Hip dysplasia in dogs is usually diagnosed using a combination of clinical signs and radiography. The instability in the joint can often also be felt by a veterinarian who knows what to look for, whilst carefully examining the dog. X-rays are useful for evaluating how much damage there is to the joint and the degree of arthritis present. Together with the clinical signs this allows a decision to be taken on the most appropriate treatment options for the dog in question.

Can Hip Dysplasia in Dogs Be Treated?

There are different types of treatments available to alleviate the symptoms of hip dysplasia in dogs depending on its severity. These treatments include both medical and surgical options. Some common treatment options include:

  • Weight reduction
  • Physiotherapy under expert supervision to help strengthen muscles
  • Reducing the amount of exercise on hard surfaces
  • Anti-inflammatory medication
  • Joint supplements
  • Surgical options which range from various procedures to reduce pain and arthritis through to complete hip replacement

The prognosis for dogs suffering from hip dysplasia can be extremely variable and is dependent on many different factors. Surgery generally has a beneficial outcome when used appropriately. However, for dogs where surgery is not an option due to other health problems or financial constraints treatment should be focused on management and lifestyle changes to improve the dogs quality of life.

Preventing Hip Dysplasia in Dogs

As hip dysplasia is an inherited condition, there are health schemes which aim to control the prevalence of the condition. Breeders are encouraged to participate in these schemes. Dogs which are intended for breeding should have x-rays of their hips performed by a veterinarian who will then send them to be scored independently by experts. In the United Kingdom, the British Veterinary Association (BVA) is responsible for the hip dysplasia scheme.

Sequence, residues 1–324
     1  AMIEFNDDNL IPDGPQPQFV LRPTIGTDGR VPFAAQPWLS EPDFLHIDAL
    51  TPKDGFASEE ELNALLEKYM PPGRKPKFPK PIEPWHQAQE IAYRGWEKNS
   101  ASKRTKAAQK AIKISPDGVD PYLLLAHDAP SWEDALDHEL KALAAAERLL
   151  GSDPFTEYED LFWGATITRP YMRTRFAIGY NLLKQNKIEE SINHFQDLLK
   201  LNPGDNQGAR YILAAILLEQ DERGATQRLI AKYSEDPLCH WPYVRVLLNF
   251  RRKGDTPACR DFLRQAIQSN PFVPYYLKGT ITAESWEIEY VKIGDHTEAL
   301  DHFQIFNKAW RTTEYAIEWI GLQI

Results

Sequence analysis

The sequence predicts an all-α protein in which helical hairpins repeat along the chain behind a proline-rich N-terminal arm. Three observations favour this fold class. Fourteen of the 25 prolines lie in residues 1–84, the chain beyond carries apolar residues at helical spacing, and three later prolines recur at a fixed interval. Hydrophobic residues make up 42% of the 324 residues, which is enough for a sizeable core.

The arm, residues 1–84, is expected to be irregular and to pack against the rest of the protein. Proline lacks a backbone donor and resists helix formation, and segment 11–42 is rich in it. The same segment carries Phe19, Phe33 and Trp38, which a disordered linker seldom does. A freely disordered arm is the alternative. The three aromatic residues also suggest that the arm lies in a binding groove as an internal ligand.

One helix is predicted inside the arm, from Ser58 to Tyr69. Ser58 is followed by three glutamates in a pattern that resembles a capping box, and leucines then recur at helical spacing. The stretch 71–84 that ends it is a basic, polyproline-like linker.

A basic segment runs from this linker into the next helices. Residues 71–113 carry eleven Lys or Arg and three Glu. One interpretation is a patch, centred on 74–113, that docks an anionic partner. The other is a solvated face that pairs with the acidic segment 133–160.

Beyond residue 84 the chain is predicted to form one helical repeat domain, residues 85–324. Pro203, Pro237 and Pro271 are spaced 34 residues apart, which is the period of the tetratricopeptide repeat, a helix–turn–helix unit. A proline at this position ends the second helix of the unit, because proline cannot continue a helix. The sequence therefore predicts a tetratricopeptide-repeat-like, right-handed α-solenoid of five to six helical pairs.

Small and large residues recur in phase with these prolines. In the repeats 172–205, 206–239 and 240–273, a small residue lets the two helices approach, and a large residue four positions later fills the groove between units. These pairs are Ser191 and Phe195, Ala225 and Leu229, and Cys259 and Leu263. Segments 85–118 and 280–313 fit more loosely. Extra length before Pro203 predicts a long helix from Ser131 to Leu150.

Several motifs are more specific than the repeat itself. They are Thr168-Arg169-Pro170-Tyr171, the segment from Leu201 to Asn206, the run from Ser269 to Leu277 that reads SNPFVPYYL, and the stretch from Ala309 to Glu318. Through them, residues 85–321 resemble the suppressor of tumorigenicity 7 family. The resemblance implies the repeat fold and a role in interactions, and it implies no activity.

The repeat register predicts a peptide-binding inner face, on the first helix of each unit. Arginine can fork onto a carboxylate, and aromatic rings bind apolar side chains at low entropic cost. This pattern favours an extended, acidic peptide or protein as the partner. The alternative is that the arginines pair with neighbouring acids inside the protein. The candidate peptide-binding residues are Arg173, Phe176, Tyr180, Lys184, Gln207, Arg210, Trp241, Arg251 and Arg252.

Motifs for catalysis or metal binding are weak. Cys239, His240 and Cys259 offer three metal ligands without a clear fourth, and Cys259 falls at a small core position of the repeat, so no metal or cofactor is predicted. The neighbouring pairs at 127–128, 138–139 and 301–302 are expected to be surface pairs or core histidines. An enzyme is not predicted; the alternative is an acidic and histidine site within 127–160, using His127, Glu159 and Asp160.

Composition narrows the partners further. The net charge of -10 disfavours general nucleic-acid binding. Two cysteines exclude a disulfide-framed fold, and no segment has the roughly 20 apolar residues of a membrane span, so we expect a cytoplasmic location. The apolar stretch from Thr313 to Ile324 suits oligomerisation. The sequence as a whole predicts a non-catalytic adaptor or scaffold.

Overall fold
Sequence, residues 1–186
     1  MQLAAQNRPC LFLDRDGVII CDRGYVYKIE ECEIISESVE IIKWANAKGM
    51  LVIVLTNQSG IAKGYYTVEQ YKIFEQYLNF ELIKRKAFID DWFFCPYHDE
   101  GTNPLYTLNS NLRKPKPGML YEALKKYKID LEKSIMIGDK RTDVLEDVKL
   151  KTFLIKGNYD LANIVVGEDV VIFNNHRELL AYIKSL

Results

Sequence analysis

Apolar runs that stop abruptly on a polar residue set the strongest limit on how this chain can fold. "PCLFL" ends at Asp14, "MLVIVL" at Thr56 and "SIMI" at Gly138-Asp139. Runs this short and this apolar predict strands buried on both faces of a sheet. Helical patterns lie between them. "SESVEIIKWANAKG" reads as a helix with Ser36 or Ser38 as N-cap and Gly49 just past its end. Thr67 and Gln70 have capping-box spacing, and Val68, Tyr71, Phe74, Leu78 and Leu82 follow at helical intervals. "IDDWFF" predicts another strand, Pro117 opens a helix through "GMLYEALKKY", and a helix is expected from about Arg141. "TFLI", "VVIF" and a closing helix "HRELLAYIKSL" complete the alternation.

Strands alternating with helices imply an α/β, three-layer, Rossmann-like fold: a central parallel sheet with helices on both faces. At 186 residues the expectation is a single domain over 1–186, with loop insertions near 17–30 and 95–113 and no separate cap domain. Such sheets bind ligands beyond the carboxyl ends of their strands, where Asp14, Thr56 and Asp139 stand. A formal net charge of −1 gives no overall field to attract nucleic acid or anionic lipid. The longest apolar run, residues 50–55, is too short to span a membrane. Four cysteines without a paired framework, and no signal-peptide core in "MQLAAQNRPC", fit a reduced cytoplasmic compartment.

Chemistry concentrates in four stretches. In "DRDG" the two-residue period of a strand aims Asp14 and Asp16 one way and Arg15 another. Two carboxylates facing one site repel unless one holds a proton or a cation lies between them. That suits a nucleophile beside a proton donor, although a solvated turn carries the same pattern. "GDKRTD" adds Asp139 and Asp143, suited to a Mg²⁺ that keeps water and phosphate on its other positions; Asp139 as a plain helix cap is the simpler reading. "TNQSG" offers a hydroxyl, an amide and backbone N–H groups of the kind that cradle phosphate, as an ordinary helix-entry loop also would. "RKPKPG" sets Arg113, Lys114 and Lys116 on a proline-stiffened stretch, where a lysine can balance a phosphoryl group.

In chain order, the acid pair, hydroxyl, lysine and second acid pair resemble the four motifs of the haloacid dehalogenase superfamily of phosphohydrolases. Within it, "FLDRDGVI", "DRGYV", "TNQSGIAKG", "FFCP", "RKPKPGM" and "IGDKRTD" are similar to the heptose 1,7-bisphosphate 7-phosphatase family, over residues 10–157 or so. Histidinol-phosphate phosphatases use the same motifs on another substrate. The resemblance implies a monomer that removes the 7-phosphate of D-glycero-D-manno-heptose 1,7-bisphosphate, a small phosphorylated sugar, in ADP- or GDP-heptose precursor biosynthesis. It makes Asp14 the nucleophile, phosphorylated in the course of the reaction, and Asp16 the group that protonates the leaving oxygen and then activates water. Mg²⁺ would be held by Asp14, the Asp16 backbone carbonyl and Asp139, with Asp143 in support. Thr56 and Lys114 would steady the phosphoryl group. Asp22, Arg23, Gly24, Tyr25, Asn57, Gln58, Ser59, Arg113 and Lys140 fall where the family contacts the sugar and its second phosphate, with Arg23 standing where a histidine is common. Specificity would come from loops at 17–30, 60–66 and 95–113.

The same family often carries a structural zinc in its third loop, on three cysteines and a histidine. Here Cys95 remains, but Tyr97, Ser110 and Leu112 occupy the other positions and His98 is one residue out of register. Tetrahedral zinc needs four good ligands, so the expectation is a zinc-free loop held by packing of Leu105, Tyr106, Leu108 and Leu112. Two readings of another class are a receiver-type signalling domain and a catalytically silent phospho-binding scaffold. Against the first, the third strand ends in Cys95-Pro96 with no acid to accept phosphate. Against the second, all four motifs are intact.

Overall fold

Dogs should be at least a year old before they have their hips scored. Each dog which is evaluated and radiographs of their hips, are assigned a score which combines both hips using a number of standardised criteria. The lower the score the fewer the signs of hip dysplasia are present. Each dog is then given a certificate with its score. Ideally, breeders should only breed from dogs that have a score lower than the median score assigned to the breed in question with the long term aim of reducing the prevalence of hip dysplasia.

If you are thinking of getting a pure-bred puppy you should investigate whether the breeder has had the parents hip-scored. Responsible breeders will have had their dogs evaluated and should be trying to breed in a way that minimises the prevalence of hip dysplasia in a breed as much as possible. Careful selection of a puppy by informing yourself about its family history is the best way of avoiding having to deal with the sometimes devastating effects that hip dysplasia can have later in life. Despite this, even puppies with parents with a low hip score can still be affected.

It is also important to try and minimise the environmental factors that can contribute to the condition. This means ensuring that your dog is fed an appropriate diet and does not become overweight, as well as tailoring exercise to a level that is appropriate for the age and breed of dog.

The Importance of Responsible Breeding

Responsible breeding and selection of puppies from breeders using parents and grandparents with low hip scores plays a vital role in reducing the incidence of hip dysplasia in the pure-bred dog population. This is important as by doing so dogs welfare can be improved as ultimately hip dysplasia can be a painful condition which affects a dogs quality of life.

References

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Dog Breeds